I filmed this magnificent Ferrari 126 C2 Gilles Villeneuve type of car at the Modena Trackdays at Spa Francorchamps. It is pretty much the type of car in which Villeneuve crashed in Zolder, Belgium. Please vote thumbs up if you like the video! Thanks!
With the arrival of Harvey Postlethwaite and a complete overhaul of the car in time for the 1982 season, things looked better. The turbo engine was further developed and reliability found, while the chassis was completely redesigned, featuring Ferrari’s first genuine full monocoque chassis featuring honeycomb aluminum panels for the structure. Smaller and nimbler, the 126C2 handled far better than its predecessor. Villeneuve and Didier Pironi posted record times in testing with the new car and began the season promisingly with several solid results. Then came the infamous race at San Marino after which Villeneuve accused Pironi of having disobeyed team orders. The fallout from the race preceded Villeneuve’s death in an horrific accident during qualifying at the next round in Belgium, which left Pironi as team leader. Pironi himself was nearly killed in a similar accident in Germany, putting an end to his motor racing career, but this didn’t stop Ferrari from winning the constructors’ championship that year. The 126C2 was further developed during the season, with new wings and bodywork tried, and the engine’s power boosted to 650 bhp (485 kW; 659 PS) in qualifying trim and around 600 bhp (447 kW; 608 PS) in races. An improved chassis was designed and developed mid-season that was introduced for the French Grand Prix that changed the rocker arm front suspension to a more streamlined pull-rod suspension. A thinner longitudinal gearbox was also designed and developed to replace the transverse gearbox to promote better undisturbed airflow from the underside of the ground-effects chassis’s side-pods.
Mandatory flat bottoms for the cars were introduced for 1983, reducing ground effect, and the 126C3 was designed with this in mind. Postlethwaite designed an over-sized but effective rear wing which clawed back around 50% of the lost downforce, whilst further compensation came from the engineers who boosted the power of the engine even further, to around 800 bhp (597 kW; 811 PS) in qualifying and over 650 bhp for racing, generally regarded as the best power figures produced in 1983. Patrick Tambay and René Arnoux scored four wins between them and were both in contention for the world championship throughout 1983 but late unreliability cost them both. However, Ferrari took the constructors’ title for the second year in a row.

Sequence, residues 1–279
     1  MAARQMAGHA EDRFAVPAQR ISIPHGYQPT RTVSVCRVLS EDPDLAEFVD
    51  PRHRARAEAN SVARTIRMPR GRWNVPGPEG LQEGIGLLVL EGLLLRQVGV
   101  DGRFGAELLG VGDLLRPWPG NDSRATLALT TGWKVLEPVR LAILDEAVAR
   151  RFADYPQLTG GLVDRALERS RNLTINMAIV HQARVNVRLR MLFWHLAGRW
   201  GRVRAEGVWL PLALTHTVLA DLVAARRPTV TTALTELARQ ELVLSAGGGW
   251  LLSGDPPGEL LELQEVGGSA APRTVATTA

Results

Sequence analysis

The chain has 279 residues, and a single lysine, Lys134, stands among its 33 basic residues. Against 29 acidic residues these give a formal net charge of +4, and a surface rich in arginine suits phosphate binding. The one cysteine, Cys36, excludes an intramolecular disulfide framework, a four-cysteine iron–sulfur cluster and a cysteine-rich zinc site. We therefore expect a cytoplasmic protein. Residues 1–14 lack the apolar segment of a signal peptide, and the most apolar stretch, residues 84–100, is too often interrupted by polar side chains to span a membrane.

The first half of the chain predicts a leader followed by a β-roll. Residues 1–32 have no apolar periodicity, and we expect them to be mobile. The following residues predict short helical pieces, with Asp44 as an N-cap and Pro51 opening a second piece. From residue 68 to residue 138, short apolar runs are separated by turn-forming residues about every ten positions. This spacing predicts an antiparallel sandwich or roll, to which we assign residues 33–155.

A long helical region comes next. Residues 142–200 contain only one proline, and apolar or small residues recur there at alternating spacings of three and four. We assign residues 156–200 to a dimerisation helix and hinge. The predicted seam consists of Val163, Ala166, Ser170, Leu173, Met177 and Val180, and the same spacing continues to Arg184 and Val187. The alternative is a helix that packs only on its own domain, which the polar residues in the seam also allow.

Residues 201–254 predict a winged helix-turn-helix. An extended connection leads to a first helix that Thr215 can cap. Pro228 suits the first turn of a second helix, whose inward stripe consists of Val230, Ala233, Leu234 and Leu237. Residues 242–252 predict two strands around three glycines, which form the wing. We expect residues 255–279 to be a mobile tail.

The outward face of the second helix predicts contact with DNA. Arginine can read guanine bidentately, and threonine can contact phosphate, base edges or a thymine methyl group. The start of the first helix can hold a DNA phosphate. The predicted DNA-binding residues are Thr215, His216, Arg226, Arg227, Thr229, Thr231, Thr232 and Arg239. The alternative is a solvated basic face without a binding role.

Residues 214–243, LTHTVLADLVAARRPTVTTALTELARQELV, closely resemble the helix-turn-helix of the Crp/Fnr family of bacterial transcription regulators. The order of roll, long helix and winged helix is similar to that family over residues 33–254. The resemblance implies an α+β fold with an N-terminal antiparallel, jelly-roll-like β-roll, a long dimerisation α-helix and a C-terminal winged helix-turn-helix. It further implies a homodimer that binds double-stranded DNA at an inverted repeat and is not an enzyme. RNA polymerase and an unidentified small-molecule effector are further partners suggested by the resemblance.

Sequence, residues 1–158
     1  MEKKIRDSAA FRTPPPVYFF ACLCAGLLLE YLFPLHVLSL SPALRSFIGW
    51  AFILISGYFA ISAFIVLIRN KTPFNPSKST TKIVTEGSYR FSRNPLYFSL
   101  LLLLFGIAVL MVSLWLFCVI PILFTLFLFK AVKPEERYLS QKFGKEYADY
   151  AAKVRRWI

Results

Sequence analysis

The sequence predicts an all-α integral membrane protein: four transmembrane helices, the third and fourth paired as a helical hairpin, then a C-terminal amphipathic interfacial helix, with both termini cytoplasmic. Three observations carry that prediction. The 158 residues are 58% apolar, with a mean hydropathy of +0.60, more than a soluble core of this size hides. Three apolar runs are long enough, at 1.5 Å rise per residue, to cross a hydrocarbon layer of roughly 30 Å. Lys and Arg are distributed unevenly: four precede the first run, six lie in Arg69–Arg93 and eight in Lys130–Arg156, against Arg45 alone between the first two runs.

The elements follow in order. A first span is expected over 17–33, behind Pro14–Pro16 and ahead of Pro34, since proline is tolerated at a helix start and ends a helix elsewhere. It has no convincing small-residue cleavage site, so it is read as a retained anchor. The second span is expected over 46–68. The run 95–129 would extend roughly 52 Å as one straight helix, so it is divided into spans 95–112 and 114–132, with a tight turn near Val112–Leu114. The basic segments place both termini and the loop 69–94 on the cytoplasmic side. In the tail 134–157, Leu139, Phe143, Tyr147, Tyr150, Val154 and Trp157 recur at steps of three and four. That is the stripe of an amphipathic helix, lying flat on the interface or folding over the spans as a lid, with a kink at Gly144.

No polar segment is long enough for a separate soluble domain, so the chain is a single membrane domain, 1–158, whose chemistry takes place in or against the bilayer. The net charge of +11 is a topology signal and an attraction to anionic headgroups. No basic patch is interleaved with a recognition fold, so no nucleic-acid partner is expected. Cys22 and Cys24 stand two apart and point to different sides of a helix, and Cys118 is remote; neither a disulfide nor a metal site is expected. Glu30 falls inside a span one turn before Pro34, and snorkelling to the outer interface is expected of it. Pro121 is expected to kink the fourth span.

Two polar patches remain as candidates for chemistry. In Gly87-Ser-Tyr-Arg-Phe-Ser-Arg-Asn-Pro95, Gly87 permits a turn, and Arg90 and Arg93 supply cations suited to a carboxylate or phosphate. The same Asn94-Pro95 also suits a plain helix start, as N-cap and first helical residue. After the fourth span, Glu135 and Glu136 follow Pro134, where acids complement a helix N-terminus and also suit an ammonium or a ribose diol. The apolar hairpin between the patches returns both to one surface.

The 1984 season was not as successful, as McLaren introduced their extremely successful MP4/2 car, which was far more effective than the 126C4 and dominated the year. Although the 126C4 won only once in 1984 fittingly it was at the Belgian Grand Prix at Zolder where Villeneuve had been killed in 1982 and it was Italian Michele Alboreto driving the #27 (as Villeveuve had done) who won his first race for the team. Alboreto also scored the team’s only pole position of the season at Zolder. Ferrari ultimately finished as runner up in the constructors’ championship, some 86 points behind the dominant McLarens and 10 points clear of the Lotus-Renaults.
The 126C series cars won 10 races, took 10 pole positions and scored 260.5 points.